Abortion Circa 1973



“Yes, Tanner, I understand.  I’ll be glad to help.”  Pause.  “I must satisfy myself first that is the way she wants it, not you or your wife, but your daughter.”  Pause again while Lapius hugged the receiver to his ear.  “If she makes up her mind, I’ll make the appropriate recommendation.  Right.  Goodbye.”



Lapius hung up, moved a pawn and I removed his white bishop from the board with my knight.  “You can’t do that, Harry,” he said, “come on, I was distracted by the phone call.”



“No one forced your hand, Simon.  A move is a move.  After all, Simon, it was you who taught me that if the rules of chess are changed it no longer is chess but another game.”



“I’m afraid that’s true, Harry, and if the rules of life are changed it becomes another game too, I guess.”



“Is that what the call was all about?”



“Yes.  Tanner has a teenager daughter who disclosed at long last that she is four months pregnant.  At the moment she believes that she wants to abort the baby.”



“And he wants you to refer her to an abortionist?”



“Quite correct.”



“And that depresses you and forces you to make errors on the chess board.”






“And if the girl decides to have an abortion, you will refer her to an abortionist.”






“Even though the Supreme Court said that any woman had the right to an abortion through the first trimester of pregnancy only.  You would be contravening the spirit of the law of the land, now, Simon.  Not a comfortable posture for you.”



“The whole thing is uncomfortable for me.  There is no doubt in my mind that abortion is the taking of a life without due process.  It is an assault on a human life.”



“But there are those who say that a fetus isn’t really alive.  Its life is dependent on the umbilical ties to the mother.”



“What would you say to the same argument being applied to a human being whose life depended on the tubes going into his veins from intravenous bottles, or dialysis machines.  I don’t think that dependency and viability can be used as criteria.”



“Then, according to you, life starts at conception.”



“I would think so.  The traditional belief in our society is that life is initiated by conception.  It is biologically reasonable.”



“Well, if you feel that way, why will you recommend an abortionist for Tanner’s daughter?”



“To insure that she falls into the proper hands.  Four months is a treacherous time for abortion, and should be performed by experienced doctors.  If I don’t help, she’ll get it done somewhere else, and it may not turn out too well.”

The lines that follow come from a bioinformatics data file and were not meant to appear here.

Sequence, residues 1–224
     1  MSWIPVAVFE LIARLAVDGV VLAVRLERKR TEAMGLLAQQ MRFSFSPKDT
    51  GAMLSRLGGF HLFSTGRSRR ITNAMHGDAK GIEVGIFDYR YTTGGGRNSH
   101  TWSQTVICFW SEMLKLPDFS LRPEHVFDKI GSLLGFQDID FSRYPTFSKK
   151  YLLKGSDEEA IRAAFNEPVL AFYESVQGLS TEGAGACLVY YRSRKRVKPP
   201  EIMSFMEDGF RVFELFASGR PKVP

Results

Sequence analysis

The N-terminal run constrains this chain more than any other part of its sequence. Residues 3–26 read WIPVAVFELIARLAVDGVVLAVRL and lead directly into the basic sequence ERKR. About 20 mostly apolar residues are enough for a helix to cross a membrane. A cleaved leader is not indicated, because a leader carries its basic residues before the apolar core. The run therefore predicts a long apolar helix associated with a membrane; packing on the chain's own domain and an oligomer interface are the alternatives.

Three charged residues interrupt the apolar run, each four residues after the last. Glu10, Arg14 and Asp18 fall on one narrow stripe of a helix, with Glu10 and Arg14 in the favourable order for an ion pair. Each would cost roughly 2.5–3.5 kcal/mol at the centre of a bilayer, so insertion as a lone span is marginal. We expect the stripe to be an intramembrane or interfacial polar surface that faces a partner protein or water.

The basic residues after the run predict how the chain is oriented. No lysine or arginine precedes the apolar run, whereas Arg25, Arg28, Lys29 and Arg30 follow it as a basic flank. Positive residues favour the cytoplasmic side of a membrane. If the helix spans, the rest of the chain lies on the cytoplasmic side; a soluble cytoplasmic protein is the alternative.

Lapius suddenly appeared old.  “I don’t understand your reaction, Simon.”  I told him.  “I’ve even heard you argue in favor of abortion.”



“Never.  I never argued in favor of abortion.  I argued in favor of legalizing abortion.  There’s a difference.”



“The distinction escapes me.”



“Of course it would,” he said with acerbity.  “Only a few years ago it was impossible to have medically indicated abortions performed in legitimate hospitals; and, at the same time, we were called upon to salvage the human wreckage that resulted from illegal abortions performed with knitting needles in the back rooms, kitchens, and cellars of the city.  I wanted to legalize abortion so it could be performed in the proper facility by trained physicians.  But I never favored it.  I find headlines stating that one to two million human lives will be destroyed by this method every year.  Horrifying, to say the least.”



“Well, it’s like the song says, Simon.  You can’t have one without the other.  You can’t have legalized abortion without the slaughter.  A dilemma, isn’t it?”



“Yes Harry, a tragic dilemma.  Society has two choices.  Either to admit that we are accessories to murder, or else take it upon ourselves to change the definition of life, a definition which we have traditionally ascribed to the word of God in order to relieve ourselves of the burdensome responsibility.  Suddenly our generation is willing to assume the responsibility, and I’m not sure were up to it.  It took thousands of years to get up the courage of foolhardiness, whatever you call it, to challenge the traditional definition of when life begins.  Now it will be decided by statute.  But it won’t stop at abortion.  We are asked daily to define legal definitions of death.  We may ultimately come to decide that any 60-year-old man who can no longer find a job is legally dead.  Legalizing abortion will lead to the legalization of euthanasia.  Can you contemplate a society where life or death will be decided by some administrative board?  No, Harry, I’m afraid that the recent decision by the Supreme Court trifles with the time honored fundamental precept of society, namely, reverence for life.  At least that’s the view of this representative of my generation.” 



“Well, Simon, there are those in my generation who feel that abortion and euthanasia merely serve to weed out the population, so that we can live in greater comfort.  What would you say to that?”



Lapius surveyed the chessboard.  “It’s your move, Harry.”